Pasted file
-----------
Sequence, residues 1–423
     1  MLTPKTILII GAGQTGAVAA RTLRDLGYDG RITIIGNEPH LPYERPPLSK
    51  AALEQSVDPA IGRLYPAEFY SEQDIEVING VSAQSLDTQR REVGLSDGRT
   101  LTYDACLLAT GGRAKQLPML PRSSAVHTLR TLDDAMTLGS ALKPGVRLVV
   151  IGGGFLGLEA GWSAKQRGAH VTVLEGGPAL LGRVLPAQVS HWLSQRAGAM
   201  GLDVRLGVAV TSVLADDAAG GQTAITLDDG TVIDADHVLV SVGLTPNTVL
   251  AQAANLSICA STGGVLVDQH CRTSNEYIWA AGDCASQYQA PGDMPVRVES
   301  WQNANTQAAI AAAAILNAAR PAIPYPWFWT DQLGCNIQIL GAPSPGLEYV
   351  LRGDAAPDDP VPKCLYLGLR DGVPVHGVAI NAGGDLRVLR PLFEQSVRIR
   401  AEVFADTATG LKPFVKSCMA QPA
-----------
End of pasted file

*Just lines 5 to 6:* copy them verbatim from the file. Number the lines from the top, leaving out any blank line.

   151  IGGGFLGLEA GWSAKQRGAH VTVLEGGPAL LGRVLPAQVS HWLSQRAGAM
   201  GLDVRLGVAV TSVLADDAAG GQTAITLDDG TVIDADHVLV SVGLTPNTVL